Environmental groups may be equally frustrated if a marsh is flooded by high water in the reservoir to protect downstream cottagers. Recreational white-water kayakers and canoeists may add their demands that the river downstream from the dam be kept at a high enough level for their sport. Anglers may also want the water kept high enough to allow fish to thrive year-round.

Needs such as these must be prioritized so that the most important are met first. This comes down to a ‘stewardship’ model, where water is a resource that belongs to all. Organizations managing water infrastructure do that work on behalf of all stakeholders.

Many sports coaches know this feeling of conflicting demands. Some players will push for more time on the field and less on the bench, the team’s fans may demand a more aggressive style of play, and there is also the relentless flow of what-they-should-have-done analysis after the game. Knowing which advice to heed is a key management skill in sports, as well as water management.

4. Communication – both ways – is key to success

When there are conflicting demands over the water resource, communication is key in developing a basin-wide SOP for Water Stewardship. This is a key concept for the Water Stewardship program — that individual operations cannot focus just on their own property, as water does not care about property lines. This matters because it’s getting increasingly difficult to carry out projects of any size without a “social license to operate” that includes support — or at least acceptance – from the people who will be impacted by the project.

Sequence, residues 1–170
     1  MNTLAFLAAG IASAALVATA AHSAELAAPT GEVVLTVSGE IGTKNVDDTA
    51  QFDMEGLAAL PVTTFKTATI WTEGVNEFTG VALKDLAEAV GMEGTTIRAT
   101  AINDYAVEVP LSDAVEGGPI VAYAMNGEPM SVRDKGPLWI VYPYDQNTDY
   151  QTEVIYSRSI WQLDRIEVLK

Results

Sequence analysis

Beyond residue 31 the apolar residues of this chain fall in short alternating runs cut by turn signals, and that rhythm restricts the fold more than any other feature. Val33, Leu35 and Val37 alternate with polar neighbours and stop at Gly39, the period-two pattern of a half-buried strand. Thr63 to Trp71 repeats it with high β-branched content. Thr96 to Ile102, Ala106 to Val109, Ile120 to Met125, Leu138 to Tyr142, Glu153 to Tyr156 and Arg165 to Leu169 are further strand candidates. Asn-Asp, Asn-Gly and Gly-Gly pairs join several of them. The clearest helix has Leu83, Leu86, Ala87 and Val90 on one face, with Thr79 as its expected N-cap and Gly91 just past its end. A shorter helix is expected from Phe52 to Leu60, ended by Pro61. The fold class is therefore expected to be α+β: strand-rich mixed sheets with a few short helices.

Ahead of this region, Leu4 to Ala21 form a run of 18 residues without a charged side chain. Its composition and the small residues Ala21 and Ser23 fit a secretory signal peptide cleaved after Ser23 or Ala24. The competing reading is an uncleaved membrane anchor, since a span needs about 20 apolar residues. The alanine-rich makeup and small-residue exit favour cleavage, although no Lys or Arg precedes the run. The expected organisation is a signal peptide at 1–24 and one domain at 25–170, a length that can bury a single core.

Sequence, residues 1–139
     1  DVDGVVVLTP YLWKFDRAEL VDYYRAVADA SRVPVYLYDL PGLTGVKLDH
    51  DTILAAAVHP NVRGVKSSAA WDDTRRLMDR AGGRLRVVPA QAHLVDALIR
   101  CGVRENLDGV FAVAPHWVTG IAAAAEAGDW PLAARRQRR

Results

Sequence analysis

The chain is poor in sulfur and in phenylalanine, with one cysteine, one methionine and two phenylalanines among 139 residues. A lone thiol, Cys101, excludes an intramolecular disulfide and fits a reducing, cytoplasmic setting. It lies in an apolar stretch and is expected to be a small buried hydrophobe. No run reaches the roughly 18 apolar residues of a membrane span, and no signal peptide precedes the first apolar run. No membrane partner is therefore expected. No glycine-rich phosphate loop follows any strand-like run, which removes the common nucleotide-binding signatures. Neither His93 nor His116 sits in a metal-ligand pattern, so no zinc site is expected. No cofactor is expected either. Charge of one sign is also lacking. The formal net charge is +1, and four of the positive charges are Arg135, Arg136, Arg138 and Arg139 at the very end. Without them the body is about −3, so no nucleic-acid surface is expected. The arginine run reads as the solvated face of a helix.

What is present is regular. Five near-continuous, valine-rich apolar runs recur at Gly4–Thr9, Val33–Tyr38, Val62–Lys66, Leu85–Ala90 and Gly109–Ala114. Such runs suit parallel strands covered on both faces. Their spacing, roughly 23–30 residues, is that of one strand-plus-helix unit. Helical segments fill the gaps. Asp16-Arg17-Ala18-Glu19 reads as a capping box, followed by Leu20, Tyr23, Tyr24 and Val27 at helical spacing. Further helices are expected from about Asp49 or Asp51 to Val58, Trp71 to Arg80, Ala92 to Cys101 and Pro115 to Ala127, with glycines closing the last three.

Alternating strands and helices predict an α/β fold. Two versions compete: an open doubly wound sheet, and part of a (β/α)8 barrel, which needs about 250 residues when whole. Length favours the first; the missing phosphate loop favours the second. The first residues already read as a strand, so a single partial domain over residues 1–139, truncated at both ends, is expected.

Keeping plans current with changing climate realities must be incorporated and communicated in this planning. For example, on a reservoir whose primary purpose is power generation, property owners should be fully informed that the water level will be optimized for meeting power load. On some water bodies, this means that the level rises and falls noticeably. Property owners should not expect the lake level to be kept where they want it to be, although reservoir operators should take care that this variability minimizes the potential for damage to property.

All stakeholders should also be kept aware of how climate change will impact operations – for example, possibly with a need to keep water levels above the dam higher and water flow below it lower than some stakeholder groups might like. Communication such as this is an opportunity to improve relations with all stakeholders – property owners, businesses catering to the boating and angling population, environmental groups, and others. It is important to listen as well as speak, to understand the concerns of stakeholders, so that as many as possible of those needs can be met.

Organizations that reduce their reliance on historic data and evolve to embrace the idea of dynamic planning are like a sports team that expects the unexpected – such as changes to the opposing lineup – with aplomb. They’re more able to meet the future effectively, despite the uncertainty.

About the Authors

Sean Capstick

Sean Capstick Member Name

Principal and Senior Climate Change Specialist

Janya Kelly Member Name

Climate Change & Air Quality Specialist